This article originally appeared on PA Post.
The Republican Party committee in a key Pennsylvania swing county took to Facebook to share an inflammatory meme that labeled four Democratic congresswomen members of “The Jihad Squad.”
The mock-movie poster, which was photoshopped to show one of the lawmakers holding a handgun and grinning, remained on the Northampton County GOP’s Facebook page for about 12 days — until a PA Post reporter reached out to the committee and the state party.
The image depicts the same four congresswomen who were widely seen as targets of President Donald Trump’s July 14 Twitter posts in which he said congressional critics of his policies should “go back and help fix the totally broken and crime infested places from which they came.” Three of the lawmakers were born in the United States. All four are U.S. citizens.
It’s not clear who originally created the “Jihad Squad” image — or who made the decision to post it from the account of the Northampton County GOP on July 17. When a GOP state-level group in Illinois posted the identical meme earlier this month it sparked an outcry, with fellow Republicans and the group’s own president condemning it.
The image appears to be adapted from a poster for the 2013 action movie “Gangster Squad.”
The “Jihad Squad” meme features Congresswomen Ayanna Pressley of Massachusetts, Ilhan Omar of Minnesota, Alexandria Ocasio-Cortez of New York and Rashida Tlaib of Michigan. Tlaib and Omar became the first Muslim women elected to serve in Congress last year.
“POLITICAL JIHAD IS THEIR GAME,” a tagline says on the image, which shows a ball of flames at Ocasio-Cortez’s feet. “IF YOU DON’T AGREE WITH THEIR SOCIALIST IDEOLOGY, YOU’RE RACIST.”
Calls and messages to the Northampton County Republican Committee office were not returned on Monday. Shortly before 2:20 p.m, the executive director of the Republican Party of Pennsylvania, Gerry Wosewick, replied to an email from PA Post about the meme and said he would get back in touch with a statement.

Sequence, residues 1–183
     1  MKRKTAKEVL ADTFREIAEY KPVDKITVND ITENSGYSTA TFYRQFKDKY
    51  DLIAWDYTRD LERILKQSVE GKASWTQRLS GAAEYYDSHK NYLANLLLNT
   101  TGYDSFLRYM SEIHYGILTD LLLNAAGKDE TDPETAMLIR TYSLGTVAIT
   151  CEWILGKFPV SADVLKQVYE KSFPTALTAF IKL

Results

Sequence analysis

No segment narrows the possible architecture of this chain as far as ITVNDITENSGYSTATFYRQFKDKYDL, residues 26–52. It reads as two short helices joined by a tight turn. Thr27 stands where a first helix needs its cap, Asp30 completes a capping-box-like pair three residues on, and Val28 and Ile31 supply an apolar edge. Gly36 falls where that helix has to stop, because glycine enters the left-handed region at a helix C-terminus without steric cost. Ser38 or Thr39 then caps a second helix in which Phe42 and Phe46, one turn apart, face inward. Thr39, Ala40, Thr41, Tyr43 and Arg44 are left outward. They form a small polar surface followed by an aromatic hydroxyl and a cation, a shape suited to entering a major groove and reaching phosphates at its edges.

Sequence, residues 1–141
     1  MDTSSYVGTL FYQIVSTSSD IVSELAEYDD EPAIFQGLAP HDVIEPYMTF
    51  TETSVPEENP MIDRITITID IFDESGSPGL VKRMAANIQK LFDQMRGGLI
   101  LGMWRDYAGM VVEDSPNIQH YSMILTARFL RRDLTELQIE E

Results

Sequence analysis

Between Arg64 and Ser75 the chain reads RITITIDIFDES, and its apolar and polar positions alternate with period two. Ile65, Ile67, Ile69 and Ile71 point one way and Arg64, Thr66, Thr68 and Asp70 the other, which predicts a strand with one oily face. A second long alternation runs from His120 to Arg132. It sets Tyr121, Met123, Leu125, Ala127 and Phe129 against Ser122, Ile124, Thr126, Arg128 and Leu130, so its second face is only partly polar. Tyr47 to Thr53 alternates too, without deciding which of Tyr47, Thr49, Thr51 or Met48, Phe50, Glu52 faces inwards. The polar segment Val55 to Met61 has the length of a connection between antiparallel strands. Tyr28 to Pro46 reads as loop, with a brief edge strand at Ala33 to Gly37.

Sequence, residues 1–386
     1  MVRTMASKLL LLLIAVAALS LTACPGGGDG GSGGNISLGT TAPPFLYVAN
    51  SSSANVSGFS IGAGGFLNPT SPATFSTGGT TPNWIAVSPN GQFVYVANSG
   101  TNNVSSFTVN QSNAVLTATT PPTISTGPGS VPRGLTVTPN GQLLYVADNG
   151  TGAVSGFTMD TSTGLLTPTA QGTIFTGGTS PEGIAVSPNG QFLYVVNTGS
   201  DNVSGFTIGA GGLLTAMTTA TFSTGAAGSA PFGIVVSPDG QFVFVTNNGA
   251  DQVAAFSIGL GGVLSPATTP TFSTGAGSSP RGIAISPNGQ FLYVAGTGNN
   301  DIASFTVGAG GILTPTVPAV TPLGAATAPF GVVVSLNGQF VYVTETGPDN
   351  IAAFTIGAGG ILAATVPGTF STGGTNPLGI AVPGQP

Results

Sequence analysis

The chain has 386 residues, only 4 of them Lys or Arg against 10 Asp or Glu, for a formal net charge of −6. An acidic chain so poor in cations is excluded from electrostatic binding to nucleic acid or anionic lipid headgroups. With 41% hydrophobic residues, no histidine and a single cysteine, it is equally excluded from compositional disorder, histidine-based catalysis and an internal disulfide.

By 3:30 p.m., the image had been deleted from the Northampton County GOP Facebook page. It wasn’t clear who took it down. But in a statement, Pennsylvania GOP Chairman Lawrence Tabas said he was “glad the post has been taken down.”
Nancy Dienel, secretary for the Northampton County Republican Committee, said she didn’t know anything about the “Jihad Squad” meme.
“I don’t do any of the posting,” Dienel said.
Before it was deleted, the Northampton County GOP’s post had received 177 shares and 27 comments, almost all supportive, as of Monday morning.
- “Hopefully they will not be in office long”
- “Who would love their party enough to vote these evil anti Americans into office?”
- “This is hilarious”
One person said Quentin Tarantino should direct the fake film. Another suggested conservative commentator Dinesh D’Souza should.
Northampton County, in Pennsylvania’s Lehigh Valley, is a classic political bellwether. It was one of three Pennsylvania counties that Democrat Barack Obama won twice and that Trump flipped in 2016.
The Guardian, a British newspaper, has checked in with voters there multiple times since 2016 as part of an ongoing feature.
In Illinois, the Republican County Chairmen’s Association faced a lot of criticism and received national attention after someone posted the ‘Jihad Squad’ image.
The group deleted the image from its Facebook page. On July 21, the president of the group, Mark Shaw, condemned the “unauthorized posting” and said he apologized “if anyone who saw the image was offended by the contents.”
The chairman of the Illinois Republican Party, Tim Schneider, condemned the post, saying, “Bigoted rhetoric greatly distracts from legitimate and important policy debates and further divides our nation.”
The chairman of the Cook County GOP, Sean M. Morrison, also condemned the post, saying he was “appalled” by the “use of hateful rhetoric.”
The only difference between the image on the Republican County Chairmen’s Association of Illinois page and the Northampton County GOP page is that the Illinois group added its own logo to the right-hand corner.
In his statement Monday afternoon, the head of Pennsylvania’s GOP didn’t go as far as some of his Illinois peers in condemning the ‘Jihad Squad’ image. He didn’t call it hateful or bigoted.
But Tabas, who was elected chairman of the state GOP this month, said one of his main priorities is fostering a culture of respect — and he pointed to his recent appointment of a compliance officer as an example of that.
“I tasked her with helping the party enforce and promote legal and ethical policies so that issues are heard, and all can feel welcome, valued and safe,” Tabas said. “While our party opposes the radical socialist policies of these four congresswomen, this image does not convey that opposition in a manner that reflects the values of the Republican Party of Pennsylvania.”
The Northampton County GOP didn’t delete all of its posts about the four Democratic congresswomen. A photo shared on the page shows their headshots with the caption, “DEMOCRATS: WE’RE NEW, BOLD, AND WE HATE YOU!”
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